Former President Donald Trump exudes an aura of timelessness. That’s not to say he has an aesthetic that transcends any particular era; it’s to say if you watch Trump too closely and for too long, the man has a way of unmooring time itself.
That’s the only way I can explain the experience of watching his interview with an outlet called Real America’s Voice that aired Tuesday. It was classic Trump, showcasing his unwillingness to even consider that maybe — maybe! — he shouldn’t put his own priorities over America’s interests.
In a clip released ahead of the full interview, Trump goes on an extended, rambling riff that all but begged Russian President Vladimir Putin to release information about Hunter Biden, President Joe Biden’s son.
“As long as Putin now is not exactly a fan of our country,” he said, the Russian leader may as well spill the tea about Hunter Biden’s business. “I think Putin now would be willing to probably give that answer. I’m sure he knows."
That’s how Trump has operated this whole time, smashing together fact with rumor and grudges into a slurry of ill intent and naked ambition. Rather than hide his intentions, he merely states them out loud. As I’ve noted before, his opponents often scramble for some Watergate-esque secret smoking gun, when all the evidence they need of his intentions is out in the open.
In asking Russia for help bringing down the Biden family, it obviously brings to mind the infamous moment during the 2016 campaign when, referring to former Secretary of State Hillary Clinton’s emails, he said: “Russia, if you’re listening, I hope you are able to find the 30,000 emails that are missing. I think you will probably be rewarded mightily by our press. Let’s see if that happens.”
That’s how Trump has operated this whole time, smashing together fact with rumor and grudges into a slurry of ill intent and naked ambition.
While Trump later tried to explain the moment away as a joke, as special counsel Robert Mueller’s final report noted, Russia was listening. “Within approximately five hours of Trump’s statement, GRU [Russian military intelligence] officers targeted for the first time Clinton’s personal office,” the report read. While Putin is a little tied up at the moment, it’s entirely possible that he would welcome a distraction from the disaster his invasion of Ukraine has become for him.
Trump’s openness to foreign assistance was on display again in 2019. In the scandal that led to his first impeachment, Trump was at the center of an operation that was meant to pressure Ukrainian President Volodymyr Zelenskyy into opening investigations into the Bidens and the conspiracy theory that it was really Ukrainians who hacked Clinton in 2016. Zelenskyy never opened the investigations, which Trump lamented Tuesday. And as we saw unfold afterward, while that effort failed, the intention to rig the election in his favor continued into the 2020 election cycle and beyond.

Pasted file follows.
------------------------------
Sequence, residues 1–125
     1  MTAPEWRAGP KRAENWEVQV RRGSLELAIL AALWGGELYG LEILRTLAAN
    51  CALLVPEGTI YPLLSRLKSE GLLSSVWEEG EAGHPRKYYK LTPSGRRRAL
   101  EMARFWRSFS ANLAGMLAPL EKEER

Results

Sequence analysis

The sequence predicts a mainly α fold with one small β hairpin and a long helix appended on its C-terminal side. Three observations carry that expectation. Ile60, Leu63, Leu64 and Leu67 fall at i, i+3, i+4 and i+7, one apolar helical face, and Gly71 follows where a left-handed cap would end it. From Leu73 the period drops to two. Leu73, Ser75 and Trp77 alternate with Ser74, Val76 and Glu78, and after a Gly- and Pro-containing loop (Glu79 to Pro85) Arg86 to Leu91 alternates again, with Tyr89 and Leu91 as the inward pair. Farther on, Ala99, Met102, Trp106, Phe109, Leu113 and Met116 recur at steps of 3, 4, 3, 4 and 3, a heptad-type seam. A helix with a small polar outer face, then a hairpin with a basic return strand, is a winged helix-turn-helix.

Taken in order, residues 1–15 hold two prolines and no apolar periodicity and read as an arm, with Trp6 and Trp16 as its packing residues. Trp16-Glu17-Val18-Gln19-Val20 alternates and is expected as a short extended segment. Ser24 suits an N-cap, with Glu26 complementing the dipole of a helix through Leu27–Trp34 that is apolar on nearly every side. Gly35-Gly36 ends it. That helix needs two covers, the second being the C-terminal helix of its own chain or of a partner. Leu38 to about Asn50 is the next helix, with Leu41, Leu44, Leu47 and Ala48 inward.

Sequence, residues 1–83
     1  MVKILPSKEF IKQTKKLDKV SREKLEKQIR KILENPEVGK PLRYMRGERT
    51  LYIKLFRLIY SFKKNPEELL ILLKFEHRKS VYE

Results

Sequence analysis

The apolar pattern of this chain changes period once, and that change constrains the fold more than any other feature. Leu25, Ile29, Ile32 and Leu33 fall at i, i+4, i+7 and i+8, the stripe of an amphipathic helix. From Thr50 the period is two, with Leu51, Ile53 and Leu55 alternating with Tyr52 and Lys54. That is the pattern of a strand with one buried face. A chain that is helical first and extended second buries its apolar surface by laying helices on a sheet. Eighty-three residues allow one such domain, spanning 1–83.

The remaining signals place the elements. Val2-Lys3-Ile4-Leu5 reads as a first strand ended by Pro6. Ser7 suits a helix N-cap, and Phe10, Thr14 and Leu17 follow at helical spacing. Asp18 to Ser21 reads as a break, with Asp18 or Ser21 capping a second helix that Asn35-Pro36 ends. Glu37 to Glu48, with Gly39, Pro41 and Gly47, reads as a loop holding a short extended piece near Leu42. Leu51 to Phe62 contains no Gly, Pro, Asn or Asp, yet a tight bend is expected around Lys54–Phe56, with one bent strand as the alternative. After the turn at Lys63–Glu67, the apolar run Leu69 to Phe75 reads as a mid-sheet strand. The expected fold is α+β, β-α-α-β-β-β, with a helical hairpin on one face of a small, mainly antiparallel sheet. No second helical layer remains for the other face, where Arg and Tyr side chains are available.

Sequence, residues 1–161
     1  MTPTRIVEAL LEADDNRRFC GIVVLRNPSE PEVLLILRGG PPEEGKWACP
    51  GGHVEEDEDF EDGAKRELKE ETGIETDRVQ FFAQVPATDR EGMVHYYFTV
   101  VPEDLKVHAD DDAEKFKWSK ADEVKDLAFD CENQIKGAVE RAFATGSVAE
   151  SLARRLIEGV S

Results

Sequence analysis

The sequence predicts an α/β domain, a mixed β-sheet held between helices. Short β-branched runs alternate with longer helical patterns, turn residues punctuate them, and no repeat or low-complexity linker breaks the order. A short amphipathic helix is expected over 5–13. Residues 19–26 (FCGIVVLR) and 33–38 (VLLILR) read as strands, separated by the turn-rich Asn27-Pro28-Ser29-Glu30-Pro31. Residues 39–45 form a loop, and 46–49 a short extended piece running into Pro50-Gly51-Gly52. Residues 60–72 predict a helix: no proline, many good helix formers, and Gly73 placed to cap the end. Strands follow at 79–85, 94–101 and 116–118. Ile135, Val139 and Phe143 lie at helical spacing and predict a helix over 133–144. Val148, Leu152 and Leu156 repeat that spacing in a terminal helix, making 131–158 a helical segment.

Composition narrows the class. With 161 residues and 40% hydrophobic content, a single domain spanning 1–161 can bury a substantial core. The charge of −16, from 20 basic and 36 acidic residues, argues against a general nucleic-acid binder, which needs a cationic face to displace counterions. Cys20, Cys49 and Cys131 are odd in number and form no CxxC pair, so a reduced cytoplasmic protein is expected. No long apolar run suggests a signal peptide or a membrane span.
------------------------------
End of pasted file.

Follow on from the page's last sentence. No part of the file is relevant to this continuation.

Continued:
There is nothing surprising about this anymore, and that has deadened our senses to the enormity of his actions. Trump repeats the same story, told with the same beats, over and over again. Each time some outside force has threatened to change the results, Trump has walked away without any lasting consequences. His call for Russian aid in 2016 led to Clinton campaign emails being deployed on the same day the damaging “Access Hollywood” tape was made public. The Mueller report’s litany of possible crimes became “no collusion.” His call with Zelenskyy ended with his acquittal in a Senate impeachment trial. He was reportedly appealing for help overturning the 2020 election as recently as September.
Trump is a character that lacks development — and because he is inert, there is nothing against which to judge the passage of time.
This all highlights the most disconcerting of Trump’s core attributes: his imperviousness to growth. He is effectively a man frozen in time, harboring an entirely unfounded conviction that he is still operating at the same level he was at in his prime. This resistance to any sort of reflection manifests as an unshakeable stubbornness and jaw-dropping brazenness to the delight of his supporters and regret of his advisers. Trump does not change, not truly; he only finds new grievances to add to his already straining collection.
Trump is a character that lacks development — and because he is inert, there is nothing against which to judge the passage of time. In this way, every scandal resembles the last scandal, until it can feel like watching the same moments play out all at once forever, as Doctor Manhattan perceives reality in the graphic novel “Watchmen." Even in the White House, it was only the chaos around him that shifted, not the man himself. There was never the moment that he truly became president. And through it all, he only briefly pretended to have ever been chastised or willing to shift his tone or demeanor. He is as immutable as a collapsed star, drawing everything around him into his orbit, eventually frozen with him at the edge of the event horizon.